Yucca/Yams

Discussion in 'Food & Cooking' started by rachel, Nov 17, 2001.

  1. rachel

    rachel

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    Can anyone help me to cook yucca/yams properly and do something more interesting than boiling them and eating with a sauce? Coming to my house to show me would be wonderful, but I would settle for a message posted here. Unless anyone particularly wants to come to Scotland in the depths of winter ;)
     
  2. anneke

    anneke

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    At the restaurant we make long ultra-thin slices with them, wrap them around tall cylinders, and deep-fry them. We use these as containers for our prawn dish. Yucca is very versatile. Let your imagination roam! ;)
     
  3. suzanne

    suzanne

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    Years ago at Patria, a Nuevo Latino restaurant in New York City, I had some unforgettable Yuca Fries with Lemon Sauce: cut the peeled yuca as for frites, deep fry, and serve with a sauce of slightly thickened lemon juice(NOT strained; you want all the pulp), garlic, and oregano.

    Or make something on the order of Mofongo: boil and mash them, season well, then mix with bits of roast pork and lots, I mean LOTS of sauteed, chopped garlic. Form into balls and saute them (you could try baking, it might work??). Very Dominican, very good (as long as you love garlic).
     
  4. w.debord

    w.debord

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    I don't know how you hold them on the ring Anneke, would you share that? Toothpick?


    I'm a bit confused, isn't yucca different than yams?????????? I can't even think of what a yucca is other then the spikey plant in my backyard........Help?


    I remember seeing a recipe where they layered the yams with reg. potatoes into a galete, baked until crisp outside tender inside. Also one just like that where they layered the two and did more of a custard or au gratin, that looked lovely.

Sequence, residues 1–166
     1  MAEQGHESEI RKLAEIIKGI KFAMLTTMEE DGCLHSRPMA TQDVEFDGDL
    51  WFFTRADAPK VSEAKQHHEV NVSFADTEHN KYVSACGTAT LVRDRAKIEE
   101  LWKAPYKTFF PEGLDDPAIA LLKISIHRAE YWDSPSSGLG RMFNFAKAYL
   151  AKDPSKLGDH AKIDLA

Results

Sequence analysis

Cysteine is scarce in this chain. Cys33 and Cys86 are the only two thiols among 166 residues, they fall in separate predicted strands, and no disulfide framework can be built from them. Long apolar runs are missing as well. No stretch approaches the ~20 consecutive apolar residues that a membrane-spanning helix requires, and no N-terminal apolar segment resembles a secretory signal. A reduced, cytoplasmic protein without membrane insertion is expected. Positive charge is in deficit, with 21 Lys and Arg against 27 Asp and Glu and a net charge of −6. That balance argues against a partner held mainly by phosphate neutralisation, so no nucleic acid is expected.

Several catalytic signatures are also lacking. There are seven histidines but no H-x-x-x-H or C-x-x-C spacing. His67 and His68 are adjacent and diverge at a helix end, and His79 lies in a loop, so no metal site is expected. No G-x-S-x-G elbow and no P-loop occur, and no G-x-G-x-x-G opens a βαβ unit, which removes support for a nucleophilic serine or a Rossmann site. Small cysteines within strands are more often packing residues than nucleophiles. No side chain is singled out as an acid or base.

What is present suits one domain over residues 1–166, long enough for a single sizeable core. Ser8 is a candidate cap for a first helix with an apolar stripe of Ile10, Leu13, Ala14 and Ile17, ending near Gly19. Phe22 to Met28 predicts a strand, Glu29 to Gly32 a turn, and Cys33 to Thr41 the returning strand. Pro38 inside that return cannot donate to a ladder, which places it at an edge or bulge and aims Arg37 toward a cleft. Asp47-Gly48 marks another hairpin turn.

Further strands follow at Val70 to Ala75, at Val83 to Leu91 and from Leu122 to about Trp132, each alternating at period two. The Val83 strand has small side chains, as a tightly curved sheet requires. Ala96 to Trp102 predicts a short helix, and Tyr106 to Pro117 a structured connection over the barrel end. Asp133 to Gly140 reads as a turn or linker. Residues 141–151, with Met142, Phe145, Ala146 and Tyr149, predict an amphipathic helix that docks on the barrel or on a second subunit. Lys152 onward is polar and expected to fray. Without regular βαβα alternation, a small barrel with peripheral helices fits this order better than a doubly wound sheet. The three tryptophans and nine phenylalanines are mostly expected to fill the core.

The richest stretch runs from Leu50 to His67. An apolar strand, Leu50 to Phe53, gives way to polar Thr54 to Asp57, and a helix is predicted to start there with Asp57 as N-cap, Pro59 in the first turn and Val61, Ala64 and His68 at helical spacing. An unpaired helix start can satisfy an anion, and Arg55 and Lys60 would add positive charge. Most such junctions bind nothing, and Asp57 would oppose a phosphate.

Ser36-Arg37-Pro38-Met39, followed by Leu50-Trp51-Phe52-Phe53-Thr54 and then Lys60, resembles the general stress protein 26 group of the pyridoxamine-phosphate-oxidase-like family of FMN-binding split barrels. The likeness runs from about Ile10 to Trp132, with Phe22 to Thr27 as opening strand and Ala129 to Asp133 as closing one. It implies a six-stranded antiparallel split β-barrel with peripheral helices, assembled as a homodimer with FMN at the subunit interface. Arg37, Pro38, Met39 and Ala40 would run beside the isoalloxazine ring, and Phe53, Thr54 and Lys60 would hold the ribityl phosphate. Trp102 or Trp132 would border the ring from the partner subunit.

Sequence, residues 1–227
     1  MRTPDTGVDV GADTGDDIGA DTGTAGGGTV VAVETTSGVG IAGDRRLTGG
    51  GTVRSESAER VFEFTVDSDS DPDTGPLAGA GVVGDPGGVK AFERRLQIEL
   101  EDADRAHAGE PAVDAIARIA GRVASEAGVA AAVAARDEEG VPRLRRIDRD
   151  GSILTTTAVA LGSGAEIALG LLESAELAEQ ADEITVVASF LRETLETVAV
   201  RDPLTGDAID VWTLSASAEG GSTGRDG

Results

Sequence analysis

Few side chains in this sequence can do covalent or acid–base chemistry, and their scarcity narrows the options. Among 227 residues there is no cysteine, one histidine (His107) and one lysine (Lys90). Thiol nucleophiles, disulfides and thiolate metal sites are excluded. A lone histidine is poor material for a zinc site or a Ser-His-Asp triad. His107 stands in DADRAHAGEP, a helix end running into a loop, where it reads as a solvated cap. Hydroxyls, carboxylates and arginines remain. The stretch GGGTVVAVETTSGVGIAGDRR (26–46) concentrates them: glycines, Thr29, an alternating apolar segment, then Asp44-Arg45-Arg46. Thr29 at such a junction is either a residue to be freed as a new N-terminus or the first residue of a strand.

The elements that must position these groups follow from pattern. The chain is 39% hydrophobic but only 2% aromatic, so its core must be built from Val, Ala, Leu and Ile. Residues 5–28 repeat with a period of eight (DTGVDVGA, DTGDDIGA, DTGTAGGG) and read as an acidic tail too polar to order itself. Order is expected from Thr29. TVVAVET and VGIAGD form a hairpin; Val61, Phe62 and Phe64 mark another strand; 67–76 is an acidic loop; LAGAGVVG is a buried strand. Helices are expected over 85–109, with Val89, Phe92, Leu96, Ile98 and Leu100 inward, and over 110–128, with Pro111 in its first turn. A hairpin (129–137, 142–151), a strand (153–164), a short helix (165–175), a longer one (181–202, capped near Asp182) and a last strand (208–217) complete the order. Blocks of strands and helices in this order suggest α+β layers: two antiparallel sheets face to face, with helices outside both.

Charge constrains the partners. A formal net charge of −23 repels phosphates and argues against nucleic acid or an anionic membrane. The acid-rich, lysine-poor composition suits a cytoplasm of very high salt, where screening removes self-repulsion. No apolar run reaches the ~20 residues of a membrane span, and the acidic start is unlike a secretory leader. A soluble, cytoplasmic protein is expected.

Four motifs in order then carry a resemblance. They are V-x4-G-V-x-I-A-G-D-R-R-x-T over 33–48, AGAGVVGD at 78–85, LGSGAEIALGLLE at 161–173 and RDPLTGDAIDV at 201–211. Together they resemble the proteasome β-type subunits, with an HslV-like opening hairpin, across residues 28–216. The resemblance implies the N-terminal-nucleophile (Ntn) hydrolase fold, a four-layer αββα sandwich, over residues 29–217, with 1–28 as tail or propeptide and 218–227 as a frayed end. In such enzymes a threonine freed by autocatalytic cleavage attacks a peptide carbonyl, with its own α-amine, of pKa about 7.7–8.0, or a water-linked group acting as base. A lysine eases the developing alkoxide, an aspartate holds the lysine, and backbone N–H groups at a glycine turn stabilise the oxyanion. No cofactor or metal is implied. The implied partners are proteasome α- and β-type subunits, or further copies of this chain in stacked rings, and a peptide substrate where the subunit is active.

You also could shape them into pommes and fry them.

    Does that help or are you asking for exact recipes?
     
  5. rachel

    rachel

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    WeBord,
    I first 'met' yams in Spain and then Miami, so I've always known them as yucca (Scotland isn't exactly a world reknown centre for yams!). I have since discovered that there is one shop here that sells them along with plantains, palm oil etc, etc. There's only one shop in Glasgow due to a very small (well tiny) African/Afro-Caribbean community here, but I wanted to buy some and needed some inspiration.
    Suzanne, I had completely forgotten about Mofongo, and I've only had it made or eaten it with plaintain. I must try it again! Thank you all, you've inspired me to get cooking. Although I am simply an amateur cook with an enjoyment of the kitchen, I now feel ready to surprise my family and friends! In fact, my African friends are gonna freak!
     
  6. suzanne

    suzanne

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    Wendy: in most of the rest of the world, yams are a starchy veg quite different from the sweet potatoes we call that here. Another name for yam is name, with a tilda over the n. Yuca is also called cassava or manioc.

    Look for a copy of Elizabeth Schneider's Uncommon Fruits & Vegetables: A Commonsense Guide, which has a wealth of info about all sorts of, well, uncommon fruits & vegs. It's available in paperback.
     
  7. w.debord

    w.debord

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    OH, so that explains everything, oops! Is it South American?
     
  8. glutz

    glutz

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    1. cubed and cooked in sugared water, a pleasant desert.

    2. Boiled in skin, sliced and sprinkled with spices to be grilled.

    3. Cooked , mashed and mixed with glutinous rice powder,
    deep fried and sprinkled with castor sugar, a cookie/sweet

    ;)
     
  9. rachel

    rachel

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    Glutz, what kind of spices? Sorry to ask, but I'm not a professional and often lack imagination. I've only ever seen yuca boiled with sauces or garlic vinagrettes.
     
  10. mudbug

    mudbug

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    This article comes from Christopher Kimball Editor, Cook's Illustrated
    printed in the Charleston Daily Mail

    New articles weekly appear at this link .